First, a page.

Police and bylaw officers in Kingston, Ont., have laid dozens of provincial offence charges and fines after a second straight weekend of street parties that saw thousands of people gather near Queen’s University.
University officials, the city and police had all urged people not to gather after a particularly destructive homecoming the weekend before. Officers had struggled to control an estimated 8,000-person crowd that gathered at one point on Aberdeen Street in the student housing area.
Police estimated the crowds were smaller this past weekend, with around 3,000 people gathering in the area on Saturday afternoon and others congregating at a nearby park later that night.
Police declared several “aggravated nuisance parties” on both weekends, which allow for tougher penalties to be issued against anyone involved.
Over the weekend, bylaw and police officers issued more than 120 administrative monetary penalties (AMPs), most of which were for failing to comply with an emergency order. Others were given out for hosting or sponsoring a nuisance party, yelling and shouting, and amplification of sound.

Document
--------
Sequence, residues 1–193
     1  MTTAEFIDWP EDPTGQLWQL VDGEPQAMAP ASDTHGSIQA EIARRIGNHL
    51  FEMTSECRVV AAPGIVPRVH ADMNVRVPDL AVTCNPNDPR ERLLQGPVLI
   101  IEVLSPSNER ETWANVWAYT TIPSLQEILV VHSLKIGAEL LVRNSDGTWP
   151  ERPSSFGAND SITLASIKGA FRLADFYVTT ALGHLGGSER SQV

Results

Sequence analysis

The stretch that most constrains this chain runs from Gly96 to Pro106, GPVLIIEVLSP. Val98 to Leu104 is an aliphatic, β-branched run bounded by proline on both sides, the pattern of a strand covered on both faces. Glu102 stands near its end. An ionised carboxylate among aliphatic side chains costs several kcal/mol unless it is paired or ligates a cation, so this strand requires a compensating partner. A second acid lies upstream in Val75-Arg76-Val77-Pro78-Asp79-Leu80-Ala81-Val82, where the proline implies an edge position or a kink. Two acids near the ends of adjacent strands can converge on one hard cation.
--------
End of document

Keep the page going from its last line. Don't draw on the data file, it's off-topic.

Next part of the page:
Police also issued 83 provincial offences and 57 AMPs and arrested 13 people — 12 for public intoxication and one for possession of a dangerous weapon and of a controlled substance.
University, police condemn parties
“Officers continued to observe aggressive, volatile, and disrespectful behaviour that has, unfortunately, become the norm these past weeks,” Kingston Police Chief Antje McNeely wrote in a release Monday afternoon.
Queen’s University did not issue a statement on the latest parties, but principal Patrick Deane had previously condemned participants’ behaviour as “dangerous, irresponsible, and ultimately inexcusable.”
Several cities and police forces across the province have had to grapple with destructive street parties since post-secondary students returned to campuses for the fall semester.
In some cases, including in Kingston and Ottawa, parties spilled into the streets and property was damaged. There have also been concerns the parties could spread COVID-19.